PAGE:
Dec 31, 2014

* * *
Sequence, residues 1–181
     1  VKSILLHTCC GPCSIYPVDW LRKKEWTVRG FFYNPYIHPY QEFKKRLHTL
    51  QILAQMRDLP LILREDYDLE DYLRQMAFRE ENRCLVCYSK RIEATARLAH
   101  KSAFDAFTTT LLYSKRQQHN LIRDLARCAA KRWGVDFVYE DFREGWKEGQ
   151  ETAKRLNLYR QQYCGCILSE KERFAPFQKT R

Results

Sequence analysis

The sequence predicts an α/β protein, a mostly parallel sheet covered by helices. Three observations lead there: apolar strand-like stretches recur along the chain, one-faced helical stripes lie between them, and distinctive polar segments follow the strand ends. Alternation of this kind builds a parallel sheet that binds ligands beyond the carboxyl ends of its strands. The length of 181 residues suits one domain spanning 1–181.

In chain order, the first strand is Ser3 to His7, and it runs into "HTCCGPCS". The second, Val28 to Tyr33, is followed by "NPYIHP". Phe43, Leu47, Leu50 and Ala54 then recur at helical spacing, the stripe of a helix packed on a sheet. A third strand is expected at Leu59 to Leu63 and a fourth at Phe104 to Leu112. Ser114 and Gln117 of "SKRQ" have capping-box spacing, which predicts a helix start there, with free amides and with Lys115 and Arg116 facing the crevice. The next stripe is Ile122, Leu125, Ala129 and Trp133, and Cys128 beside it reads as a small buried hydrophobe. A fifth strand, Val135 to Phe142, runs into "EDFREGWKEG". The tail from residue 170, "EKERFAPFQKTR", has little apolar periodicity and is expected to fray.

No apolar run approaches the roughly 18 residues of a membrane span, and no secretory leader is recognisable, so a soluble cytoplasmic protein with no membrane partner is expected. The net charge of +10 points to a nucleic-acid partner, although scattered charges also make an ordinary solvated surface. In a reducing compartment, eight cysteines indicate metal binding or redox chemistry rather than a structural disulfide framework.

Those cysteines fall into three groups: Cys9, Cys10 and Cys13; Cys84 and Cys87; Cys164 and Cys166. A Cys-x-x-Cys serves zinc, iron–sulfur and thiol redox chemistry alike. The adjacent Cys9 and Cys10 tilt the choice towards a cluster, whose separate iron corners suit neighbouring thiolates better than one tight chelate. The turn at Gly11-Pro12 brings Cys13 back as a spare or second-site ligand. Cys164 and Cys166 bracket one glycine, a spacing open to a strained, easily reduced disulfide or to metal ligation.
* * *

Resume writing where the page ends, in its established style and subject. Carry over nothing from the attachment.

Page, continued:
As 2014 comes to a close, it is clear that the number of class action lawsuits that will undoubtedly be filed in 2015, for violations of the FCRA will continue to rise. The FCRA (Fair Credit Reporting Act) is the federal law that regulates employee background checks. It imposes upon employers very specific disclosure requirements, both initially when an employee applicant authorizes the background check, and subsequently, if an adverse action (e.g., to not hire or to terminate the employee applicant) is taken based upon the results of the “consumer report”, i.e., the background check report. In 2014 there was a plethora a FCRA class action lawsuits that were filed. One of the main reasons that plaintiff attorneys are taking on these cases is that when these attorneys claim a “willful violation” of the FCRA, there is no requirement to prove any damages even occurred. For example, the employee could have been hired at full salary and benefits, but if the required “FCRA employee background check disclosure and authorization form” contained any superfluous language (such as a general release of liability for the employer), these plaintiff attorneys are claiming that the entire form is “facially invalid.” If a court were to agree that the “FCRA employee consent form” was facially invalid, the potential penalty is up to $1,000 per occurrence, plus legal fees, etc. This is the reason there have been so many multi-million dollar FCRA lawsuit settlements by companies across the nation in 2014, because when a class is certified it generally looks back 5 years, and bases this penalty on the total number of applicants that applied during that period. When the potential liability for FCRA violations can exceed $100 million, settling for $4.08 million (Dollar General) or $6.8 million (Publix Super Markets), often is the business decision that companies take, even when they claim no liability or wrongdoing. If your company has not yet reviewed its employee screening processes, forms, and procedures, now is the time to do so. Your company should work with a reputable and reliable background screening company that can help navigate the complex employer-mandated disclosure requirements that the FCRA imposes upon each employer. Remember there is not only the initial required disclosure, but there are subsequent required disclosures, should an adverse action be taken against the employee applicant, based upon the results of the background check report. Posted by: Rudy Troisi. President, Reliable Background Screening.